According to the United States Fire Administration, older adults run a risk that is 2.7 times higher of dying in a fire than people in younger age groups. They also suffer a higher number of fire related injuries.
Most of the elderly people who lost their lives or were injured by fires were in their bedroom sleeping when the fire broke out.
Fire Risk Factors of the Elderly
ElderlyFallingNaturally every elderly person has different physical and mental abilities. There are elders that run marathons, seniors that swim laps and people in their 80s and 90s with minds as sharp as they were in their earlier years. However, this is not the norm. Most people suffer from physical and/or mental decline as they age. The elderly often are afflicted with illnesses or disabilities that limit their mobility to varying degrees, making escape from a fire more difficult.
The following are additional risk factors that increase the possibility of fire related injuries or fatalities to the elderly.
- Diminished mental facilities due to depression, forms of dementia or Alzheimer’s disease
- Slower reaction times and a greater potential for accidental falls.
- A reduction in the abilities of the five senses:
- Medications may have an affect on a senior citizens quick decision making ability
- Economic situations may cause some elderly people to use dangerous space heaters, candles or cooking methods. They may be unable to pay for necessary home repairs involving electrical problems.
- Many elderly people live alone.
Fire Hazards and the Elderly
The following are several of the most common causes of fires that affect older people.
- Kitchen fires caused by cooking accidents, such as unattended or forgotten pots of food being cooked, or fires caused by grease flare-ups
- Using alternative heating methods such as kerosene or electric space heaters, wood stoves or fireplaces.
- Electrical problems including overheating outlets, old and worn appliances and faulty or old wiring.
Fire Education for Seniors
It is important to educate the elderly, their families and caretakers of the increased risks of fire to this age group. Many fire departments in the United States offer fire safety education for children through programs at schools or visits to the firehouse, However, more light needs to be shed on the dangers of fire that older adults face each day.
In addition to obvious fire hazards, the elderly and their families need to know about other possible fire dangers such as:
- Using oxygen tanks and oxygen compressors
- The fire hazards associated with hand sanitizes and other chemicals
- The dangers of keeping clothes under a gas dryer
Protect Your Seniors
Follow these elderly fire safety tips to ensure their homes are safe.
- Never leave stoves unattended – Usually many elderly get distracted and they forget that they have left a pan or pot on the stove.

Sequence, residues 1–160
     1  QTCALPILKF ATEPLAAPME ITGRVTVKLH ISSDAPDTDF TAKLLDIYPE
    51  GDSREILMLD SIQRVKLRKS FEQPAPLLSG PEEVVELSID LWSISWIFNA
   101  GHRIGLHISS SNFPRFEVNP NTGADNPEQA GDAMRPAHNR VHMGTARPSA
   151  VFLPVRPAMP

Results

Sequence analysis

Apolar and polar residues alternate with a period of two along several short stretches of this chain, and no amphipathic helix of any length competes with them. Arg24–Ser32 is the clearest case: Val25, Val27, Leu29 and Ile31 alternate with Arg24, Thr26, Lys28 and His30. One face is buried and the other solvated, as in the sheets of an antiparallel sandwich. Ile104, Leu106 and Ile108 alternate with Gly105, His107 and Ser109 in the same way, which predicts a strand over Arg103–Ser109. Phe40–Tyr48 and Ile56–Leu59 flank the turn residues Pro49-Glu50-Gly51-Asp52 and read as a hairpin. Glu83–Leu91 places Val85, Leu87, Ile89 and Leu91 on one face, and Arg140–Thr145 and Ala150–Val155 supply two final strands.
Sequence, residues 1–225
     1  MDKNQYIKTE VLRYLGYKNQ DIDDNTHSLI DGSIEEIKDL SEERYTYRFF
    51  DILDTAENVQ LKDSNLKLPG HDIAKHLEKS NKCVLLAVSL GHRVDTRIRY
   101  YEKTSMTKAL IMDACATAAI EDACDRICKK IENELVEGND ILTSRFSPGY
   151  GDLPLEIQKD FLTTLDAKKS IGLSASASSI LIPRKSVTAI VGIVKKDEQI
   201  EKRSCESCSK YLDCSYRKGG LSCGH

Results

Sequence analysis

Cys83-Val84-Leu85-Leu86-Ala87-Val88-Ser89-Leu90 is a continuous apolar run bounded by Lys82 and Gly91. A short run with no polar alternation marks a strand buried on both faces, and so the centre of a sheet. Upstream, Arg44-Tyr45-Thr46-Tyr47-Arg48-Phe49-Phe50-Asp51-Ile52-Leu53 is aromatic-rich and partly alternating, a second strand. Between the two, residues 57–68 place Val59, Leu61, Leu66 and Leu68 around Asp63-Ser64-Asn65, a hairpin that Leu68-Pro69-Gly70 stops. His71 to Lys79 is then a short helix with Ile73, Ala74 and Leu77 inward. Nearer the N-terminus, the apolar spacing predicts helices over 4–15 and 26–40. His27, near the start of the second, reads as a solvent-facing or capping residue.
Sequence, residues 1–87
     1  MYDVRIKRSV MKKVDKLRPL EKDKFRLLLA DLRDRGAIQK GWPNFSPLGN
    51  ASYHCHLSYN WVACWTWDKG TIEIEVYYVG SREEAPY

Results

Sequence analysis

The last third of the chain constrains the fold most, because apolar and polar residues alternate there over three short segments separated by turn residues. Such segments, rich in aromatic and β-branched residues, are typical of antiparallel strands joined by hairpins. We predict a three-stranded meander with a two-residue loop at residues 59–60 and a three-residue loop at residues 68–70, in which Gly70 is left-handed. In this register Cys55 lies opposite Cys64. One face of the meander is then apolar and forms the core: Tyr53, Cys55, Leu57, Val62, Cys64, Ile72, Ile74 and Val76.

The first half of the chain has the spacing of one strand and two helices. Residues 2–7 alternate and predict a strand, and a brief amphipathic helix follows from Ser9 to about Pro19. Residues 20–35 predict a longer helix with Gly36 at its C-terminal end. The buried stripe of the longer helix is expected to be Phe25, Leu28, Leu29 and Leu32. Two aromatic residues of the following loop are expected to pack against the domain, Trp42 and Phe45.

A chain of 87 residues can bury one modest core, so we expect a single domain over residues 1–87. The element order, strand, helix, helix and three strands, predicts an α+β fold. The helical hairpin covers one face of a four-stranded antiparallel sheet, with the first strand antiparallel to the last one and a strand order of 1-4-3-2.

- Be very careful using alternative heat sources – If you are using space heaters, make sure it is approved by Underwriter’s Laboratory. You can figure this out with UL mark or tag on the heater.
- Be careful smoking – Seniors are more likely to fall asleep without putting out their cigarette. It is important to ensure that the ashtray is emptied out into a metal container so even if a cigarette is still lit, it will not cause a fire.
- Check smoke detectors – To be sure, change smoke detector batteries each year. A good idea is to change them in the fall when the clocks are turned back for Daylight Savings Time.
- Oxygen tanks and compressors – Make sure you have signs in place to inform people that there are oxygen tanks and compressors. This is valuable information for fire departments as they can be dangerous in a fire.
- Hand sanitizers – Hand sanitizers are sometimes flammable and can be a fire hazard it stored near heat.
- Dryers – Ensure your aging parents are properly emptying the dryer lint trap as this can be a fire hazard.
- Develop a fire emergency plan – This can literally save your parents life. Ensure they know what to do in an emergency and can get out in time. If they have difficulty walking, ensure they have an escape route that does not involve stairs or walking very far. Review with your parents regularly.
- Fire extinguishers – Have fire extinguishers in places where there is a hazard, such as the kitchen.
- Smoke detectors – If your seniors have hearing issues, make sure the smoke detectors is loud enough or replace with one that also flashes a light.
- Elderly medical alert – Consider an Elderly Medical Alert that they wear 24/7 and can push if help is needed. For seniors, it could be the difference between being safe and being injured.
- Electric cords – Make sure they are in good repair and used properly. They should not be under carpets or overloaded.
- Clutter-free – Ensure your seniors home is clutter free so that they can quickly and easily get out in case of emergency. This is also a good idea in general as clutter is a serious falls risk.
- Appliances – Ensure appliances are in good repair and properly maintained.
- Furnace – Ensure the furnace is in good repair and maintained properly.
- Flammable liquids – Ensure proper storage and removal of flammable products.
Visit the Fire-Safe Seniors program on the U.S. Fire Administration website for help with planning and implementing fire safety interventions for the high-risk group of older adults.